Using these sources, we estimate that in late 2020, about 70 percent of the population are low mixers, while 30 percent are highly active (and include people attending so-called super-spreading events). We used these estimates, along with estimates of the number of contacts each group has on average (two and eight) based upon the UC Berkeley research, in the McKinsey Global COVID-19 epidemiology model, to estimate the progression and decline in cases for the period starting January 11, 2021 (near the peak of actual cases) and ending March 9, 2021 (Exhibit 2). The uneven-mixing scenario closely fits the sustained decline seen in the line representing actual cases, and corresponds much more closely than does a projection using the traditional epidemiological assumption of even mixing within age groups in the population. We also confirmed that the increase in cases at the end of 2020 is plausible under the uneven-mixing scenario.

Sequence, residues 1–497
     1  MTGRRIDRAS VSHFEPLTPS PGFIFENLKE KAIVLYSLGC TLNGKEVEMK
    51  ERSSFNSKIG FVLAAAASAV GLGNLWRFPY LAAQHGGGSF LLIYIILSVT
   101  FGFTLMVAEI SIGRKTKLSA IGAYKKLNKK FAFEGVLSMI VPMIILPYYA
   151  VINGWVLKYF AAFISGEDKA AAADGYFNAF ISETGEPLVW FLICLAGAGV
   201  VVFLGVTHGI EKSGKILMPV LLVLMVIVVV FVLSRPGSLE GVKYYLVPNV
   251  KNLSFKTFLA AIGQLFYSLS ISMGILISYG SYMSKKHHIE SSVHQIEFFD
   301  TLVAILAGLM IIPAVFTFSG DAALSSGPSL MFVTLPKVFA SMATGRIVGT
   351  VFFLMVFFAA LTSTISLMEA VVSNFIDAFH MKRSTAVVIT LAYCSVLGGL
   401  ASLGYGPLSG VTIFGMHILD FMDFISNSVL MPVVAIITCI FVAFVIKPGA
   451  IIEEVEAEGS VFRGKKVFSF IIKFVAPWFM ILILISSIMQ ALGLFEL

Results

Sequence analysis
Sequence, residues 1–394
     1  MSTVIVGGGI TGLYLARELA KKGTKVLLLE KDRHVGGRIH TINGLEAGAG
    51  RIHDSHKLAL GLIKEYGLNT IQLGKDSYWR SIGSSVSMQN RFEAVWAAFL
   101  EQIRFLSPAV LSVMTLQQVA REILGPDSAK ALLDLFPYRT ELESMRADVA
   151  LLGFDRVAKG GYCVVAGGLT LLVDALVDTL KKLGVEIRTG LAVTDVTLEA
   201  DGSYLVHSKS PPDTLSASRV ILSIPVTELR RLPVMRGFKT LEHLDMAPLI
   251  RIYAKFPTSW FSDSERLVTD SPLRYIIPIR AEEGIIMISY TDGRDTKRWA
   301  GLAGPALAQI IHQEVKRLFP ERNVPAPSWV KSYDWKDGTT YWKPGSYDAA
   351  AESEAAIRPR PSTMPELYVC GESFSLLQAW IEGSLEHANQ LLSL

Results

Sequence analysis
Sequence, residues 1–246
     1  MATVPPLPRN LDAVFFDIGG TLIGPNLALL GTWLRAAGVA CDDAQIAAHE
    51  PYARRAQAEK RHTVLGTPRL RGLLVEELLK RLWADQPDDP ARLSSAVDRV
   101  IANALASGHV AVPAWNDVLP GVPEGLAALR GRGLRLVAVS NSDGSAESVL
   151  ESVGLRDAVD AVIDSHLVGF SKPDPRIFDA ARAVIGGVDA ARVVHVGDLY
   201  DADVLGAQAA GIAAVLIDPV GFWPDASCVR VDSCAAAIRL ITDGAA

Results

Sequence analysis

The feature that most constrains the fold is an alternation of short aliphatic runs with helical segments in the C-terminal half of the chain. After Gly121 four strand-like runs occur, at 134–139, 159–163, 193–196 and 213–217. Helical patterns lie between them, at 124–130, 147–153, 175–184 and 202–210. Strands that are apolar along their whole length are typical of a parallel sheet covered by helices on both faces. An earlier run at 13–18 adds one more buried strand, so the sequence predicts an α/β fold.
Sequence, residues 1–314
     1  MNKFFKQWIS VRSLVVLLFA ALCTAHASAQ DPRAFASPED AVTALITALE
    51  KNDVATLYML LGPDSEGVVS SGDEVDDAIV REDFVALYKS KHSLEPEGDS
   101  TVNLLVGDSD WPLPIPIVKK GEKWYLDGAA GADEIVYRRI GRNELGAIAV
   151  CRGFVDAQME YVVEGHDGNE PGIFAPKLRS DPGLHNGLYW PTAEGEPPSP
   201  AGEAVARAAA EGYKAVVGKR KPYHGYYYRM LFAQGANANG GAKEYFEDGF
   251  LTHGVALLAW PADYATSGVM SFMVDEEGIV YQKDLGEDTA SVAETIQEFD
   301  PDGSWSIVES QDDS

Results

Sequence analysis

A projection based on uneven mixing best approximates the drop in COVID-19 cases.

It seems plausible that high mixers, with their much wider networks of interaction, could be responsible for a substantial portion of the steep rise in cases in late 2020; in particular, gatherings of friends and family over Thanksgiving, December holidays, and New Year’s Day may have hastened transmission, even if much of it was asymptomatic. (Some low mixers likely also participated in the holiday festivities, and then retreated to their previous behaviors.6) Subsequently, these high mixers may have recovered quickly—the UC Berkeley research finds that many are young men—and as their disease has receded, they have stopped spreading it. Put another way, the people in the population most likely to get sick and spread the disease may have done just that—and with that burst of transmission out of the way, overall case counts have fallen.